The Bethesda guidelines and the National Comprehensive Cancer Network (NCCN) guidelines provide criteria for identifying appropriate candidates to screen for HNPCC with MSI and immunohistochemistry analysis.[ 6,7] These guidelines recommend that individuals diagnosed with colon cancer at a young age, individuals diagnosed with multiple primary HNPCC-related cancers, or individuals with an HNPCC-related cancer who have first- or second-degree relatives with HNPCC-related cancers be evaluated for HNPCC. Further studies are needed to determine the sensitivity, specificity, and cost-benefit of various risk assessment criteria for patients presenting with gynecologic cancers. The risk factors described by Taylor and Mutch, these published guidelines, and consideration of the medical and family history for other risk factors for endometrial and ovarian cancer will help identify appropriate candidates for HNPCC evaluation. Consensus guidelines recommend using a combined approach with transvaginal ultrasound and endometrial aspiration to screen for endometrial cancer. However, studies have only evaluated the effectiveness of ultrasound.[ 7,8] Studies of the combined screening approach would be helpful to verify the efficacy of these recommendations. A study of women presenting for genetic counseling and testing for HNPCC found that 86% had not had any screening for endometrial cancer.[9] The low levels of screening may be due to the lack of awareness of the gynecologic cancer risks and the lack of data supporting a specific screening regimen. Education about signs and symptoms should be a part of counseling patients about HNPCC, since most endometrial cancers are diagnosed outside of screening and are treatable when detected at an early stage. Genetic Counseling and Testing
Genetic counseling services are widely available, and are helpful for providing risk assessment, coordinating testing, and facilitating the use of genetic information to make medical decisions and to inform family members of risk. Studies have not found that the process of undergoing genetic testing for a hereditary cancer predisposition is associated with clinically significant increases in anxiety or depression.[ 10] However, many individuals from families with known mismatch repair mutations may choose not to undergo testing. Fear regarding genetic discrimination has been found to be a barrier to pursuing genetic testing.[11] As Taylor and Mutch point out, no data indicate an increased risk of discrimination associated with genetic testing, and this should be communicated to patients to reduce such concerns. Cancer-related genetic counseling and testing resources can be found through the National Society of Genetic Counselors ( and the National Cancer Institute Provider Directory ( search/genetics_services/). Taylor and Mutch's review of the gynecologic cancer risks associated with HNPCC illustrates that a multidisciplinary team approach is necessary to provide these families with comprehensive care as well as to expand research on the optimal approaches to managing extracolonic malignancies in HNPCC.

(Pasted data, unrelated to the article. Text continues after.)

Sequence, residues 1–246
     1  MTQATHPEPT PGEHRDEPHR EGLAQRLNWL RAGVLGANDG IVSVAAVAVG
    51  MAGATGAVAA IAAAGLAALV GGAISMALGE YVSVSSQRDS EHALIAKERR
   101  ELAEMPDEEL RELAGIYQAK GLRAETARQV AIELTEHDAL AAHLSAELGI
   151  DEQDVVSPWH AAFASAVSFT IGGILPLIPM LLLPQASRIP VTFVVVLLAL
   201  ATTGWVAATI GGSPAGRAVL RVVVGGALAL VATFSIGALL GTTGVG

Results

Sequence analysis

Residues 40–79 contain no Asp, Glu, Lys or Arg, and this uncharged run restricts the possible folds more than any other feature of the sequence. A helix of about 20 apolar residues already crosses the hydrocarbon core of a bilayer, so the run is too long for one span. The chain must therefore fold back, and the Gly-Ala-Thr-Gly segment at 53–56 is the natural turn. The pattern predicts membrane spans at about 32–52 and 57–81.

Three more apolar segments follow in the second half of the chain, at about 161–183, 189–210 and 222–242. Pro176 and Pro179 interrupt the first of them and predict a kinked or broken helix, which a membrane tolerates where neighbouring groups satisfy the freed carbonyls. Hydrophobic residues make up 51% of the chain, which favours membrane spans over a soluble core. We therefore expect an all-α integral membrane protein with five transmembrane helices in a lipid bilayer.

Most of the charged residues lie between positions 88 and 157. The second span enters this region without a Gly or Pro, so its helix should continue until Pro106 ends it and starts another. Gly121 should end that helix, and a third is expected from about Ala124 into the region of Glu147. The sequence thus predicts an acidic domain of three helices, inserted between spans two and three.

The author has no significant financial interest or other relationship with the manufacturers of any products or providers of any service mentioned in this article.


1. Taylor N, Mutch DG: Gynecologic manifestations of hereditary nonpolyposis colorectal cancer: From inherited to sporadic disease. Oncology 20:85-94, 2005.
2. Lu KH, Dinh M, Kohlmann W, et al: Gynecological cancer as a "sentinel cancer" for women with hereditary nonpolyposis colorectal cancer syndrome. Obstet Gynecol 5:569-574, 2005.
3. Hampel H, Stephen JA, Pukkala E, et al: Cancer risk in hereditary nonpolyposis colorectal cancer syndrome: later age of onset. Gastroenterology 129:415-421, 2005.
4. Sumoi R, Hkala-Ala-Pietila T, Leminen A, et al: Hereditary aspects of endometrial adenocarcinoma. Int J Cancer 62:132-137, 1995.
5. Berends MY, Wu Y, Sijmas RH, et al: Toward new strategies to select young endometrial cancer patients for mismatch repair gene mutation analysis. J Clin Oncol 21:4364-4370, 2003.
6. Umar A, Boland CR, Terdiman JP, et al: Revised Bethesda guidelines for hereditary nonpolyposis colorectal cancer (Lynch syndrome) and microsatellite instability. J Natl Cancer Inst 96:261-268, 2004.
7. National Comprehensive Cancer Network: Colorectal cancer screening: Clinical practice guidelines in oncology. JNCCN 1:72- 93, 2003.
8. Burke W, Petersen G, Lynch P, et al: Recommendations for follow-up care of individuals with an inherited predisposition to cancer: 1. Hereditary nonpolyposis colon cancer. Cancer Genetics Studies Consortium. JAMA 277:915-919, 1997.
9. Lynch HT, Lemon SJ, Karr B, et al: Etiology, natural history, management and molecular genetics of hereditary nonpolyposis colorectal cancer (Lynch syndromes): Genetic counseling implications. Cancer Epidemiol Biomarkers Prev 6:987-991, 1997.
10. Vernon SW, Gritz ER, Peterson SK, et al: Intention to learn results of genetic testing for hereditary colon cancer. Cancer Epidemiol Biomarkers Prev 8:353-360, 1999.
11. Hadley DW, Jenkins J, Diamond E, et al: Genetic counseling and testing in families with hereditary nonpolyposis colorectal cancer. Arch Intern Med 163:573-582, 2003.